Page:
Cooler for the weekend

6:00 AM, Friday, September 15, 2016

A cold front today will result in a significant change in temperature but not a big increase in the chance for rain. It may not reach the Denver area until late afternoon, so it should still be a warm day until then. But the cooler air will probably sweep into the northern Front Range (including Cheyenne) a bit sooner. Cooler weather over the weekend won’t be too bad, and afternoons may be quite pleasant.


This system will bring some much needed rain and snow to parts of Montana and northern Wyoming. For the Front Range there is a slightly increased chance for clouds and a few showers late today through Saturday morning, but for the most part the overall dry spell has a good chance of continuing.


Warmer weather should return early next week ahead of another cold front around in the Tuesday-Wednesday time frame.




Turning much cooler Monday evening

9:30 AM, Sunday, September 3, 2017

Today, Sunday, should be the hottest day of the Labor Day weekend. Temperatures should be around record levels. The record in Denver is 95 (from 1985) and in Boulder it is 94 (from 2013). Monday will continue the very warm weather, but a cold front sweeping in from the north Monday evening will make it 20-30 degrees cooler on Tuesday, It’s possible that the temperatures will start to cool off by late afternoon Monday along the northern Front Range.


A widespread rain is not expected with the upslope flow behind the front. But there may be a period of low clouds and some patchy drizzle Monday night or Tuesday morning. Fire danger will remain elevated, especially north of I-70 where the summer monsoon was not as generous.


Beyond that the weather in Colorado will not be too exciting (other than the fire danger), and average to above average temperatures are likely to return later in the week. But weather may be making national news again by next weekend as Hurricane Irma approaches the eastern seaboard, an extreme fire danger continue the plague parts of the West.

Nice late summer weekend, for us

3:00 PM, Friday, August 25, 2017

We are in for a warm and dry (or nearly dry) late summer weekend. Saturday is likely to be the warmer day of the weekend, with high temperatures around 90 (average for Denver and Boulder is around 83-85). This pattern of warm and generally dry weather should continue for at least the next 5 days or so.


Weather will be making the news this weekend, but not in Colorado. Hurricane Harvey will bring dangerous conditions to the mid and lower Gulf Coast of Texas this evening. But it’s impact won’t end this evening. The storm is likely to hang around south Texas for days, somewhat weaker in terms of wind but very wet. Flooding is likely to be historic in some places of southeastern Texas, possibly as far inland as the hill country around San Antonio or Austin.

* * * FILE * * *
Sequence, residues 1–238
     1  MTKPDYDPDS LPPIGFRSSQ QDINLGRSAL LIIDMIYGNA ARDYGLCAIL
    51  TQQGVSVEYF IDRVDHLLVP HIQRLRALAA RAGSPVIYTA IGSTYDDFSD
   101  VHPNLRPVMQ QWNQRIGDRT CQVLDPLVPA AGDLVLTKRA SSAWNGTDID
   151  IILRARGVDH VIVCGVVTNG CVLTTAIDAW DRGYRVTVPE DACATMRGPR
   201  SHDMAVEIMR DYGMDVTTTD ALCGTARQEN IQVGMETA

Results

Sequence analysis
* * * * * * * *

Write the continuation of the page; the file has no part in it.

Eclipse viewing: we are not necessarily in the clear

12:00 Noon, Thursday, August 17, 2017

We are just 4 days away from the total eclipse and I wish the potential for clear skies was greater than it is. This blog will focus on Colorado (where a partial eclipse will occur), and the narrow totality path across Wyoming and Nebraska where most Front Range folks seeking totality will end up on Monday.


Let me start by saying that the chance for midday clear skies this time of year according to climatology is on the order of 80%. It’s a bit less than 80% directly over the mountains where daytime cumulus clouds get their start, and also a little less in central and eastern Nebraska where it is typically more humid.


So what I look for is whether the atmospheric moisture is likely to be below average, average, or above average. When I wrote last week it appeared that atmospheric moisture would be near or below average on the 21st. But now it appears that our flow will be from the south and southwest at different levels of the atmosphere which will likely increase the moisture content, especially on the plains. Let me point out that atmospheric moisture does not necessarily result in clouds (water vapor is invisible), but it makes it easier for clouds to form. A moister atmosphere may result in early development of thundershowers over the mountains on Monday and lingering patches of cirrus clouds from the previous day’s thunderstorms across any part of the region. The worst case scenario is a frontal boundary that could trigger development of a broad area of clouds. Current indications are that there may be an east-west frontal boundary somewhere in the northern Kansas-Nebraska-South Dakota region extending westward toward the Front Range. There is a chance the front will be weak, or north of the eclipse path, but for now this is what I see as the likely scenario: